Congress has brought change to the Obama administration’s Corporation for National and Community Service (CNCS): its largest appropriation in history.
The fiscal 2010 budget, enacted as part of the 2010 Consolidated Appropriations Act, went up by $260 million for a total just shy of $1.15 billion.
That covers expanding AmeriCorps, preventing youth from dropping out of high school and boosting energy efficiency, among other items.
CNCS’ Acting CEO Nicola Goren said in a news release that the budget is a “strong vote of confidence in the value of national service as a critical tool for solving our nation’s toughest challenges.” Goren added that the money will help strengthen and expand existing programs and invest in new initiatives authorized by the Edward M. Kennedy Serve America Act, which the corporation is still implementing.
But the fact that CNCS is operating under an acting leader is a reminder that the service agency under the Obama administration has not been without controversy. As reported by Youth Today, in late May, Obama’s choice to head CNCS, Nike vice president Maria Eitel, withdrew her name for consideration before her nomination even went to the Senate. Then, after the release of a scathing report by Inspector General Gerald Walpin criticizing corporation’s grants management, Walpin was removed by President Barack Obama. Administration officials described the move as routine. Other reports indicated that first lady Michelle Obama held sway over the corporation.
Nevertheless, the agency will have a lot of walking around money for the remainder of the fiscal year that began Oct. 1, including money for several new initiatives, such as $50 million for the Social Innovation Fund, a White House effort to seed promising new initiatives to solve pressing societal problems in education, health and other areas.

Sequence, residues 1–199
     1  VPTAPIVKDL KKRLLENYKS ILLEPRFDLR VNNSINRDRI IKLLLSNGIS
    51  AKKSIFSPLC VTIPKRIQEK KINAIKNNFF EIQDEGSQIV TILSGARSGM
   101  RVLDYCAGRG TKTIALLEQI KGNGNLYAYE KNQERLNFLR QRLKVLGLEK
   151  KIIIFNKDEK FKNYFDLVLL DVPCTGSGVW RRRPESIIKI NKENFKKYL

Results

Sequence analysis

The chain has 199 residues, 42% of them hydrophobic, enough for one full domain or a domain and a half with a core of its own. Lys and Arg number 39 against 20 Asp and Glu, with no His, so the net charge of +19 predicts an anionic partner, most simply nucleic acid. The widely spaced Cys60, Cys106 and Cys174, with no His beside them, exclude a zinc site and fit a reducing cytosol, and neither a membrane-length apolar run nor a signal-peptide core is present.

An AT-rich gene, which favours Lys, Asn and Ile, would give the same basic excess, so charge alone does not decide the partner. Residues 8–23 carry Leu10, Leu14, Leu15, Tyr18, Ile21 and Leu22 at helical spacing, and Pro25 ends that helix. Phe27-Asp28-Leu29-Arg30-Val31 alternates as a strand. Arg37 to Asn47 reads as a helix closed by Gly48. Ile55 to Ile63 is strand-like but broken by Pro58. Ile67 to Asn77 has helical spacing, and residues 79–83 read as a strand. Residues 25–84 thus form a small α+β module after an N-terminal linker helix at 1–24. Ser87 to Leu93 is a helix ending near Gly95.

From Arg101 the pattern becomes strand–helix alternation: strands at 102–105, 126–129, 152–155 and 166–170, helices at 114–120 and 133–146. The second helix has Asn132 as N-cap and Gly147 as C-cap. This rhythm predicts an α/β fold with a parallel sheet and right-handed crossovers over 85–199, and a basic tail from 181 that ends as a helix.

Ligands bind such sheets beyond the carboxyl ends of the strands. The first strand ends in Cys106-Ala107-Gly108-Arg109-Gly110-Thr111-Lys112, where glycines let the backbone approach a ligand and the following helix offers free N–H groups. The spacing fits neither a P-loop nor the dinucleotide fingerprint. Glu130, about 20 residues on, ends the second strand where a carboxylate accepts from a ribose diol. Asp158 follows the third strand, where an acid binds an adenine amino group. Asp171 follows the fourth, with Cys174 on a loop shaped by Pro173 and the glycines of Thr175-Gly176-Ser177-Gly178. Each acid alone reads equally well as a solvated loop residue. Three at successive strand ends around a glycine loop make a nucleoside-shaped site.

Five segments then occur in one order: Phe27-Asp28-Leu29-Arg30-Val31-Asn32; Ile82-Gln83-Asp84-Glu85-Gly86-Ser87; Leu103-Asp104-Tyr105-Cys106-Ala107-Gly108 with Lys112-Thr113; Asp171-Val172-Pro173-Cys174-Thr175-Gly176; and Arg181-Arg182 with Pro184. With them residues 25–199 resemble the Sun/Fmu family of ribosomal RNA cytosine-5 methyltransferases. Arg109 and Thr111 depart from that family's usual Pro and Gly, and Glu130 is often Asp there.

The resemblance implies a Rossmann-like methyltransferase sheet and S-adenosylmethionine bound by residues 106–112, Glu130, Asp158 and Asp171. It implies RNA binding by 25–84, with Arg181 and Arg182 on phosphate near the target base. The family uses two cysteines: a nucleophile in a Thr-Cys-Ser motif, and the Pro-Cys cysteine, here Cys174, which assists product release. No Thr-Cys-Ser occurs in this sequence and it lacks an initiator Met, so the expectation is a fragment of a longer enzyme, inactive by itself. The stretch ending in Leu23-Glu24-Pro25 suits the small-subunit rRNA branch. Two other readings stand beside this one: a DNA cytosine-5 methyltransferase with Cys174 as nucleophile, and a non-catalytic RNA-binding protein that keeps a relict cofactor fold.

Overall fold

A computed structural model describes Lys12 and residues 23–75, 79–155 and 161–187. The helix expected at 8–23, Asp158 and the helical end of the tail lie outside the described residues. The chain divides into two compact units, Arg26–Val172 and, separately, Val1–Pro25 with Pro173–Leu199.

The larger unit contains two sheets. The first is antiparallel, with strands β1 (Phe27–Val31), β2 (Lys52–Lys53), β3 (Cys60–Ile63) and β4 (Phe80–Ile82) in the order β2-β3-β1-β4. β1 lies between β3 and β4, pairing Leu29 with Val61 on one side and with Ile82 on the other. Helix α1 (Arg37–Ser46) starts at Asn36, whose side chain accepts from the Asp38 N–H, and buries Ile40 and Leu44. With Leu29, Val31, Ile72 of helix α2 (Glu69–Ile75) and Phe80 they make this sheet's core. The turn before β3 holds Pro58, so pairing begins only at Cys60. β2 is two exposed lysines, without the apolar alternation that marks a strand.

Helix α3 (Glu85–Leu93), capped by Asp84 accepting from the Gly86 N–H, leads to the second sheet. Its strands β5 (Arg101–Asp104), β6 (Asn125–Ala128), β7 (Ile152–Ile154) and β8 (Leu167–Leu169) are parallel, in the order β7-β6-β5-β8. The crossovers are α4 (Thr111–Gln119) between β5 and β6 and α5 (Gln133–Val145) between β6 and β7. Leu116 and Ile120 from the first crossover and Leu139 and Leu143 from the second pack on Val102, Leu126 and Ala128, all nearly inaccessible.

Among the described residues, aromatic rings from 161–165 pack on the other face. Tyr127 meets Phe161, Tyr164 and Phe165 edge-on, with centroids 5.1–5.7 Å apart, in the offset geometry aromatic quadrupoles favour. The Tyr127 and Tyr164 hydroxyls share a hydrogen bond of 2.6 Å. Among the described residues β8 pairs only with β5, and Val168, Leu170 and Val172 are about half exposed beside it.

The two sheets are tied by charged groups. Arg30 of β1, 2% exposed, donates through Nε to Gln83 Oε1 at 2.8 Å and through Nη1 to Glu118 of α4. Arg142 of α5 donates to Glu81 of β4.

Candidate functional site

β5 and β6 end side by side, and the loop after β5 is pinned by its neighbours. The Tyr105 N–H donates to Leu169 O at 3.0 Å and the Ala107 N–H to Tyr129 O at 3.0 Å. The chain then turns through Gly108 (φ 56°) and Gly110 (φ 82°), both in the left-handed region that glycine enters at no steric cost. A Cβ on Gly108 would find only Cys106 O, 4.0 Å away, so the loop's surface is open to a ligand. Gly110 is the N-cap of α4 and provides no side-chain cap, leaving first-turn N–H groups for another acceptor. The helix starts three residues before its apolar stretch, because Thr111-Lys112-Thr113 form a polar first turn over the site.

The corporation said a 5 percent increase for Learn and Serve America will allow it to support 1.3 million participants and increase the number of participating disadvantaged youth, and to start a 10-year longitudinal study on the impact of service learning. It said the new budget, which includes the first-ever increase in the dollar amount of the Segal AmeriCorps Education Award, will edge CNCS toward its goal of 250,000 AmeriCorps members by 2017.
Lawmakers noted in the report on the bill that the corporation’s programs are popular right now. “Between November 2008 and April 2009,” members said, “AmeriCorps received 76,404 online applications, up 230 percent compared to the same period in the year before.”
The AmeriCorps state and national program budget will go from $256.8 million to $372.5 million.
The budget includes $2 million for Summer of Service, a new service-learning initiative to engage middle schools students in community-based improvement projects. Participants who complete 100 hours of service get $500 toward higher education. (Applications for the money were already sought, and winners are expected to be announced in May.)
A Volunteer Generation Fund will get $4 million to boost recruitment efforts, while $1 million will support an effort to build the capacity of nonprofits.
The Senior Corps’ foster grandparent program will see a small increase, from nearly $109 million in fiscal 2009 to a bit under $111 million, according to a CNCS funding chart.
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